The diagnostic value of the serum folate assay has been assessed in 90 patients, each of whom had a macrocytic anaemia and a low serum vitamin B12 level. Twenty-nine (32%) patients were found to have anaemia due primarily to folate deficiency. The cause of the low serum vitamin B12 levels is uncertain in the 22 (25%) patients with normal or borderline vitamin B12 absorption. The effect of folic acid therapy was studied in four of these patients, and in each case the serum vitamin B12 rose slowly to a normal level.
The serum folate was low in only four (7·5%) of the 54 patients with pernicious anaemia, and the levels rose to normal on treatment with vitamin B12 alone. A high serum folate occurred in eight (15%) pernicious anaemia patients. A normal serum folate indicated the diagnosis of pernicious anaemia or megaloblastic anaemia following partial gastrectomy. However, a normal serum folate and a very low vitamin B12 level was found in two patients with idiopathic steatorrhoea.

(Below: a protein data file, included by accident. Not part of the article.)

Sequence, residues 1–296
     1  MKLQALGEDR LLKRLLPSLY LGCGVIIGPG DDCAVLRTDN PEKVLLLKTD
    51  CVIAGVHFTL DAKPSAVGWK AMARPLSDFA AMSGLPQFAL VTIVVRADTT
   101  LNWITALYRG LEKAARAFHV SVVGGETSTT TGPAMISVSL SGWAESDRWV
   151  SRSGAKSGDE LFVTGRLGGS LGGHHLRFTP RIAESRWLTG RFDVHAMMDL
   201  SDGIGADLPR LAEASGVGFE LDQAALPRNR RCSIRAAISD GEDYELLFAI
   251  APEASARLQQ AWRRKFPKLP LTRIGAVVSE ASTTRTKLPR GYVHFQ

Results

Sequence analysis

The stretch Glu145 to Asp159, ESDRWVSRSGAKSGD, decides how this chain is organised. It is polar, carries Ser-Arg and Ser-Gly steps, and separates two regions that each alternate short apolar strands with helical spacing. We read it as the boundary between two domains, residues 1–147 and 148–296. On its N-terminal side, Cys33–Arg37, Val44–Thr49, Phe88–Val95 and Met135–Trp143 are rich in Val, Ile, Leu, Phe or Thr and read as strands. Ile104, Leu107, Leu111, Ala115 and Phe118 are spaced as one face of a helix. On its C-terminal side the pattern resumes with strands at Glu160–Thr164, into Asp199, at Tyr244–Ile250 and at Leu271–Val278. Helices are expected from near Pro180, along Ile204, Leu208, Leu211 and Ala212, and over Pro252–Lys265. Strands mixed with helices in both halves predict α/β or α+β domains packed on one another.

It is concluded that the serum folate assay is a valuable routine test in patients who have a macrocytic anaemia and low serum vitamin B12. A low folate level makes the diagnosis of pernicious anaemia unlikely and is a strong indication for full investigation of small intestinal function.
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